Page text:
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Ivy (Hedera helix), always useful as an external skin stimulant, not for eating.

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A Garlic mustard plant in it’s first (non flowering) season. A space to watch next spring.

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365 Frankendael day 157

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I harvested three tiny prices of that fungus which I found a couple of days ago. I have checked it’s identity in the woods, at home in books, online with reliable sites and as there is nothing nasty I could confuse it with, I felt happy to cook a little. The photograph above is a little washed out but below you’ll see I’ve placed my test harvest against the photo in one of my mushroom books. What a beautiful colour!

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It is Chicken of the Woods (Laetiporus sulphureus) and boy does it taste good, simply fried in a little ghee! It does taste quite similar to chicken, it is meaty in texture too. If it sits well in my stomach, I’ll be harvesting some more tomorrow. This isn’t going to turn into a fungus foraging blog, I don’t have enough experience of them and it’s so easy to go disastrously wrong, but if I find more interesting autumn fungi I’ll certainly post them here.

Rosehips (Rosa spp.) continue to ripen.
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As do Haws on the Hawthorn (Crataegus monogyna) shrubs and trees.

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I got all excited to see thousands of fallen Sweet chestnuts, at the front if Huis Frankendael but they are to small to do anything much with. Hopefully they have been shed to help the tree focus on building up carb’s in the rest.

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It’s still possible to harvest as much as you like of invasive alien Himalayan Balsam. The flowers have a nice taste, quite mild and like lettuce. I heard of someone using the stems as drinking straws recently. That could be interesting too.

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I think these are the sought after roots of Cat‘s Tails, dredged up in the current canal clearance operation. They don’t look very appetising in that must soup though.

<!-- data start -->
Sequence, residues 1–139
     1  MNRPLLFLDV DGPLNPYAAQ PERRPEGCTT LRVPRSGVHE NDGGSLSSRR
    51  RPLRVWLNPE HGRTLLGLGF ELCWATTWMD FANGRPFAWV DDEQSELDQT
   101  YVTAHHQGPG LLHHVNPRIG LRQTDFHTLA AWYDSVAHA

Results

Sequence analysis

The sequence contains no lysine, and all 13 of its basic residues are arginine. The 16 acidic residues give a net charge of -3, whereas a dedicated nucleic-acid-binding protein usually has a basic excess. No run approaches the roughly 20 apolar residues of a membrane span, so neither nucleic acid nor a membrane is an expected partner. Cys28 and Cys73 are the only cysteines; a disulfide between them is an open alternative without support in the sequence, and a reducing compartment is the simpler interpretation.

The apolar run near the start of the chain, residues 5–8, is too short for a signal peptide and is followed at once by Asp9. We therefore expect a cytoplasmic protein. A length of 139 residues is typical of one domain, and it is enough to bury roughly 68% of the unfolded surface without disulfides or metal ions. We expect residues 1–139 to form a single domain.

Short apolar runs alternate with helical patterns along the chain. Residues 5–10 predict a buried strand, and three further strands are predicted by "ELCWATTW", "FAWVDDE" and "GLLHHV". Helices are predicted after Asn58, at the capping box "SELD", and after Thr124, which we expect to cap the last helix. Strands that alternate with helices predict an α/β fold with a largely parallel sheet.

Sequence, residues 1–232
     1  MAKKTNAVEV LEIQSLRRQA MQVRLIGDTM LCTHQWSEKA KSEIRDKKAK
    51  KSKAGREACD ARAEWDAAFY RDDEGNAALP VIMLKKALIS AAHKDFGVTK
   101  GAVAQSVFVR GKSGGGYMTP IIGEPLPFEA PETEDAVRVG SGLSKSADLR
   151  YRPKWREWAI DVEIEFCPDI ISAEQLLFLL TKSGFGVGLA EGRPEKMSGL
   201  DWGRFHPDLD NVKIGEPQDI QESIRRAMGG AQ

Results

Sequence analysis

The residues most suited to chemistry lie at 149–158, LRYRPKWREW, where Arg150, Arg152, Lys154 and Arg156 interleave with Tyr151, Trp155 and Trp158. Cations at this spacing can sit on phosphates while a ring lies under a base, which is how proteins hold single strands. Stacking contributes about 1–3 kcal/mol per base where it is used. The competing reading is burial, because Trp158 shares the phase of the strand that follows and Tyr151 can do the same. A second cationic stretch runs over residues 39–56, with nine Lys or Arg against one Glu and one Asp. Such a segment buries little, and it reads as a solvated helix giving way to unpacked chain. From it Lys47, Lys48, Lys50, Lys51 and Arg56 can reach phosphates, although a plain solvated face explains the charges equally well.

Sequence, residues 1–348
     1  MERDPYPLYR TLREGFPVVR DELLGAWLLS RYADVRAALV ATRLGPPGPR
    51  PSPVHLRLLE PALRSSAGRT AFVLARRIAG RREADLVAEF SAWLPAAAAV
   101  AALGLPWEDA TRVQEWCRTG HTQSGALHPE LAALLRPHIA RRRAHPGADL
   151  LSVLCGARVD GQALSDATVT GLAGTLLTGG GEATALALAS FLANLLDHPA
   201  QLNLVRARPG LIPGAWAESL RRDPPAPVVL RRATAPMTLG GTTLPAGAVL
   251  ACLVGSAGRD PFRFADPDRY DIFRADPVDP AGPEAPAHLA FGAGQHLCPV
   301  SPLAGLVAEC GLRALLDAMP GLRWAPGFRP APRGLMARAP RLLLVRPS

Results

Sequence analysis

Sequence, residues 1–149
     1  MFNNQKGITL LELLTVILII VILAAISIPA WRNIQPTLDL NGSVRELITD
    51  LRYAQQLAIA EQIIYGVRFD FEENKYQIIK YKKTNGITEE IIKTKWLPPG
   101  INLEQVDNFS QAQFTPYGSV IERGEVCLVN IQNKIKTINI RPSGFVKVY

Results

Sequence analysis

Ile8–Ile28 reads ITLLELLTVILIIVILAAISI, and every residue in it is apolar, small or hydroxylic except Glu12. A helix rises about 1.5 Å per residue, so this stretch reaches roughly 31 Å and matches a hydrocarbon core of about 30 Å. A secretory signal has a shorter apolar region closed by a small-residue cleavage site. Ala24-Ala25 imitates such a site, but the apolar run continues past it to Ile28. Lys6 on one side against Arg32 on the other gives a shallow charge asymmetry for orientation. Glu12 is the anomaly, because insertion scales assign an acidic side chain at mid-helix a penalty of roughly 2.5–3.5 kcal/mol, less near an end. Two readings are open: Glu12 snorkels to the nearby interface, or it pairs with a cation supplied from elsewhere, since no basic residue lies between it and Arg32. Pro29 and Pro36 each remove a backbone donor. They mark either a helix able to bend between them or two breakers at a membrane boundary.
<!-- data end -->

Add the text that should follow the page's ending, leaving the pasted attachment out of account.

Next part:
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And lastly, Feverfew having a brilliant second flower flush. So bitter and do linked in traditional medicine to the treatment of migraine.

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Danish Hawthorn recipes and simple Haw Honey Syrup

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Some time ago Amalie and Daniel joined me for a herb walk alongside Park Frankendael. One of the plants which was in bloom at the time was Hawthorn (Crataegus monogyna). Amalie knew the berries from Denmark and kindly sent me some recipes to try and share. Hawthorn is in fruit right now, it is a common hedgerow plant and the berries (well “pomes” actually but they look like berries) are edible raw or cooked. Most of each fruit is seed, these need to be strained out of any recipe unless you’d like blunt teeth.

Here are the two recipes from Amalie, plus one I have been experimenting with, which doesn’t need sugar. I also posted a Hawthorn Elixir recipe a short while ago which may be interesting.

Hawthorn puree and juice
1 liter of hawthorn berries
300 grams of sugar
Water

Mash the berries into a puree.
Add the sugar and heat to about 70°C (hot, steamy but not boiling). Strain out the seeds.